Just in case you haven’t read any of the blogs or forums, the economy in SL isn’t so grand right now. Businesses are seeing dryspells, regular customers are holding onto more of their Ls, and SL’s search hasn’t been the most reliable so new people are having a harder time finding your shop. You may be watching your own sales starting to dry up and wondering what can you do about it.
Hang in there. Here are a few things you can do to bring back your old customers, and bring in new ones.
10. Revamp your store. It may be time to rearrange and reorganize things in your shop. Maybe you’ve been putting it off (I know I have…). While it’s quiet is a great time to really get things more organized. You may want new signage to replace the old; a new look makes your older customers interested in seeing what’s new.
9. Release some brand new products. When’s the last time your shop has had a new release? How often do you release new items? Monthly? Weekly? When you feel like it? A regular release schedule helps to get your customers anticipating new products from you.
8. Out With The Old. I made some products when I was very first starting out that were pretty good and reasonably priced (and probably underpriced, but I digress). Since then, I’ve gotten better at what I make, and you probably have too. The older products, much as I enjoyed them, just weren’t up to scratch compared with the newer stuff. So I got rid of them… but not before offering them at a clearance price for a couple last weeks. Just like in RL, people love a clearance sale.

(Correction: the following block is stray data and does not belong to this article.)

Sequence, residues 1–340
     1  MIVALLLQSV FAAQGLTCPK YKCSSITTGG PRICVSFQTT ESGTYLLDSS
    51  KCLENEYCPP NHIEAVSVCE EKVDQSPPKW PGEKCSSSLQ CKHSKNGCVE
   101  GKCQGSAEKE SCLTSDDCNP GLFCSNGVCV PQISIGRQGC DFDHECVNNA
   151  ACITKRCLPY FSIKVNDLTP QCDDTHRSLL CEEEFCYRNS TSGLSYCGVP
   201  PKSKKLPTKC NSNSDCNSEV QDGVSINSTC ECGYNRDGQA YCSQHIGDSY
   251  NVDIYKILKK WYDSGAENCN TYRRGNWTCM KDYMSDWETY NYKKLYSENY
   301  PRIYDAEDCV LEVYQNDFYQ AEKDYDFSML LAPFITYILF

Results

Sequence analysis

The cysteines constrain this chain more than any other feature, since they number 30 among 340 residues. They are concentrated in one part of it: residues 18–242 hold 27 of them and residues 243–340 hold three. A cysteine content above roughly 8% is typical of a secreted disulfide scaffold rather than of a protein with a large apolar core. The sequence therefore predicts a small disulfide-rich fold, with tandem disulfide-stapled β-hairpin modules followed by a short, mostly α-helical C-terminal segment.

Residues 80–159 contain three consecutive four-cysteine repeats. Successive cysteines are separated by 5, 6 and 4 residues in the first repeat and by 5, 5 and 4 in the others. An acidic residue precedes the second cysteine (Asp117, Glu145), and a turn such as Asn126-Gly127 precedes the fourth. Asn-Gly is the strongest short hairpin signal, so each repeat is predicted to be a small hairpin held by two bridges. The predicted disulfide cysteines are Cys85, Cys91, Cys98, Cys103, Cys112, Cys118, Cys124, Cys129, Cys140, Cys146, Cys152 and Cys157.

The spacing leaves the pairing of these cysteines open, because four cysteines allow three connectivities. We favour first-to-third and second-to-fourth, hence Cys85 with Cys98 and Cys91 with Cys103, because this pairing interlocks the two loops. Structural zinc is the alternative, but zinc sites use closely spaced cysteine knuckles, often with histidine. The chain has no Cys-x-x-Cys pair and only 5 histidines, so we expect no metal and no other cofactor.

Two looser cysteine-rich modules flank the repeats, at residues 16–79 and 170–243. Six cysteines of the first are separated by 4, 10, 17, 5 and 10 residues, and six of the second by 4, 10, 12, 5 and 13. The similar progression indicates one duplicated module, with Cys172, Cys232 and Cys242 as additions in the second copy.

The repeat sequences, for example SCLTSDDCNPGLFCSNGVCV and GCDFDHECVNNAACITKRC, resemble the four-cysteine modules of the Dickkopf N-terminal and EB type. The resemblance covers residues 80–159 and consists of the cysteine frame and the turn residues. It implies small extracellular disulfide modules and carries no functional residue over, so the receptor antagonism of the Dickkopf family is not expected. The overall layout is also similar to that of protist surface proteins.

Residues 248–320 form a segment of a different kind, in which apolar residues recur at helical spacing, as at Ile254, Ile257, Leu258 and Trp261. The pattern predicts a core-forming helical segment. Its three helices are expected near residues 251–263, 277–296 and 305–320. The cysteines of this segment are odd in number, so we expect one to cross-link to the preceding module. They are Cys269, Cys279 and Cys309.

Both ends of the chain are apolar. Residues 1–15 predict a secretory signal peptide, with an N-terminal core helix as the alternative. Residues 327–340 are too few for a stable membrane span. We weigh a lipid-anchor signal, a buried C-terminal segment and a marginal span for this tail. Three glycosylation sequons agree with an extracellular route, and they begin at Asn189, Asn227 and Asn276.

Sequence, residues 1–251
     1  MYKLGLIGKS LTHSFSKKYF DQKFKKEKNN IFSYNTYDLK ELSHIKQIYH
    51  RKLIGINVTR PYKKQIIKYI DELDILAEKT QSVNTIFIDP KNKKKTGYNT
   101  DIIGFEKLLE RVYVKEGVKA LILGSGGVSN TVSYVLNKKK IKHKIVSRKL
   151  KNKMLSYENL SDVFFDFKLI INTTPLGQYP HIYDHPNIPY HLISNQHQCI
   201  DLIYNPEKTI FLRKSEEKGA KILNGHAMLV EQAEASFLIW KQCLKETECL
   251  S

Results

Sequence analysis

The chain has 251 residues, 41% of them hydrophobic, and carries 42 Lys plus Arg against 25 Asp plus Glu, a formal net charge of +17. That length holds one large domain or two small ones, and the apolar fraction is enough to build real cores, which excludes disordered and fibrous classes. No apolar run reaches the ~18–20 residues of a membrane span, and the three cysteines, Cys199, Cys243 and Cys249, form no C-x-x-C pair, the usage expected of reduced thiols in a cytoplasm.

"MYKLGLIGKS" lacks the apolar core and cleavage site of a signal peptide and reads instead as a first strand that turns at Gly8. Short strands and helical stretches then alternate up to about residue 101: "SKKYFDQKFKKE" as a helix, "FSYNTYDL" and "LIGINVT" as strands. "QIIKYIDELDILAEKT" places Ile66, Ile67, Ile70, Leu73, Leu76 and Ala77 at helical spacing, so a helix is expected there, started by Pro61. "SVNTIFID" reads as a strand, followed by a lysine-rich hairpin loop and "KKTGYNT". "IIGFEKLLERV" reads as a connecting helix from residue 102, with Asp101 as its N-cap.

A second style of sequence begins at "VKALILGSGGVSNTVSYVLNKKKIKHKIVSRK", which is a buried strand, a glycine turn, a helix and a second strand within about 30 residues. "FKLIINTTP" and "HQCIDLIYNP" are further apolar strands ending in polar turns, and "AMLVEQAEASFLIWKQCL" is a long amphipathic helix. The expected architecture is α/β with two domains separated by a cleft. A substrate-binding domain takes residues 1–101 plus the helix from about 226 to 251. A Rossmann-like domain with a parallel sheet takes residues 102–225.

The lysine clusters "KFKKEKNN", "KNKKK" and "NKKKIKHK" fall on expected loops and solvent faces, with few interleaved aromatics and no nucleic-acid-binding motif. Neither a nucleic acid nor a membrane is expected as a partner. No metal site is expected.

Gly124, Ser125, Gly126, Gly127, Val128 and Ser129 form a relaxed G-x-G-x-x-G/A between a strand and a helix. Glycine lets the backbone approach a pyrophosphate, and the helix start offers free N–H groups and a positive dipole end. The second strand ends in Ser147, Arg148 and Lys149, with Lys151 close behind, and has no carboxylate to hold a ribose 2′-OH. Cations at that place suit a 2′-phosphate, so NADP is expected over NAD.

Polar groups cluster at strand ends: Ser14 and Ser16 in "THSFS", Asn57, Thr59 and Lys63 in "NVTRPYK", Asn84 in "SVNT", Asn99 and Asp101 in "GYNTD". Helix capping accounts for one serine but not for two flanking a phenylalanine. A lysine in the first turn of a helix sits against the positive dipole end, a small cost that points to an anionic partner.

7. Remind your customers you exist. Do you have a shop group? Are you sending out an average of one message per week? If not, you should. Remember that more than that can be bothersome; too many messages and people will get annoyed and leave the group. Once a week is a good rule of thumb. Feature a product once per week, whether it’s something brand new, something that ties in with a RL movie release, something that goes with the time of year, or something that would make a good gift. Put a LM in with the announcement.
6. Use XStreet SL. I hate to admit it, due to my personal feelings on how XStreet is managed, but the fact is it works. People who haven’t heard of you, find you on XStreet. Use your XStreet listing to cross-promote to other items; for example, “If you like this dress, you may like this purse [link] and these shoes [link]!” And put the SLURL to your shop in your XStreet listings.
5. Cross-promote with other merchants. Maybe you make clothes, and your neighbor makes jewelry. Or maybe you make houses, and your neighbor does landscaping. Work together to promote each other’s goods.
4. Have a blog, and keep it updated. Read more about that here.
3. Mark all your vendors to “Show in Search”. Make sure, of course, that your shop is listed in search (if you own the parcel). Chances are, if you’re renting a booth, that’s taken care of for you. Put your business name on your vendors, name the vendor after what’s in it (eg “MyCoolShop Inc. Red Velvet Dress”), and mark “Show in Search”.
2. Give a few gift cards (with your LM) to a club to give away. This can attract brand new customers to your shop. Contact some club owners and/or hosts, and see what can be worked out.
1. Come up with a reason to have an event in your shop. Back-to-School. Any holiday. Wedding season. Hell, make something up if you have to! Throw yourself a birthday or rezday party in your shop. Hire someone to stream music and put out a dance ball. This gives customers a chance to meet you and ask questions, without feeling any pressure to buy anything… and it drives up your traffic to boot!